Certain cancers occur as a consequence of infections with particular herpesviruses. In addition, most people become infected with one or more herpesviruses, which can persist indefinitely in quiescent state but then reactivate in immunosuppressed individuals, including cancer patients, to cause significant disease. The studies described here are directed toward understanding basic mechanisms that are central to herpesvirus infection of cells and spread from cell-to-cell, namely the mechanisms of herpesvirus-induced membrane fusion. Herpesvirus entry into cells requires fusion of the outer envelope of the virus with a cell membrane. Spread of infection can occur via infectious virus or virus-induced cell fusion. The ultimate objective of studies described here is to understand how herpesviruses, specifically herpes simplex viruses (HSV), induce membrane fusion, the process required for viral entry and cell fusion. Requirements for HSV-induced membrane fusion include the coordinated activities of four HSV glycoproteins (gB, gD, gH and gl_)and interaction of gD with a cell surface receptor such as nectin-1. Our hypothesis is that binding of gD, present in the viral envelope or an infected cell surface, to a gD receptor on an uninfected cell somehow activates the fusogenic activity of gB and/or gH-gL (a heterodimeric complex). This activation could result from the physical interaction of gD (altered by its binding to receptor) with gB or gH-gL or both. Alternatively, the gD- receptor interaction could activate gB or gH-gL by some indirect transmission of a signal.
The specific aims are (1) to define the sequence requirements for a region of gD that is required for cell fusion, but not for receptor binding;(2) to identify regions of gB and gH that are essential for membrane fusion, through random mutagenesis and cell fusion assays;(3) to define conditions or mutations in gB that permit cell fusion to be induced by gB in the absence of gD and/or gH-gL;(4) to identify protein complexesthat contain gD plus one or more of the other viral glycoproteins, that are induced in response to gD-receptor interaction and that fail to form when either gD or one of the other glycoproteins is non-functional for membrane fusion. The results of these studies, combined with structural studies in progress in other laboratories, will lead to an understanding of the mechanism(s) of herpesvirus-induced membrane fusion and to new approaches for the prevention and treatment of herpesvirus infections and disease.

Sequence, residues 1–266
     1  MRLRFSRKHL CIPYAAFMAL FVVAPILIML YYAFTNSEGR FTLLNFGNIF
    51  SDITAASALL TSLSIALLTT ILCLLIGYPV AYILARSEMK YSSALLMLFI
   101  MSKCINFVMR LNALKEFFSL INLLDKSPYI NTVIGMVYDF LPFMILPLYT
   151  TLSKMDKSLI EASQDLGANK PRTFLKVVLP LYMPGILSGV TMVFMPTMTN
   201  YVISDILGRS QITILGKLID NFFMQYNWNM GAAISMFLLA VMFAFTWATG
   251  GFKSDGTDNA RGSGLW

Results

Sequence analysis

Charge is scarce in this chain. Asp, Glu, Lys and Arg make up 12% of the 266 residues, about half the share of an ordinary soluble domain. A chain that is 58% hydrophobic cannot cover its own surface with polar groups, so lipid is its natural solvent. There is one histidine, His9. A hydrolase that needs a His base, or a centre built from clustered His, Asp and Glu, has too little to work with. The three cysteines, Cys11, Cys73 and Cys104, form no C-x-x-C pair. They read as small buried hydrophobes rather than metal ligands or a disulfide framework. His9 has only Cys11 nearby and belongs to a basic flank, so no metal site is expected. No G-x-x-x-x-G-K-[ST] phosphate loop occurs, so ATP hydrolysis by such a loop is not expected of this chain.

National Institute of Health (NIH)
National Cancer Institute (NCI)
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Virology - B Study Section (VIRB)
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Daschner, Phillip J
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Northwestern University at Chicago
Schools of Medicine
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Edwards, Rebecca G; Longnecker, Richard (2017) Herpesvirus Entry Mediator and Ocular Herpesvirus Infection: More than Meets the Eye. J Virol 91:
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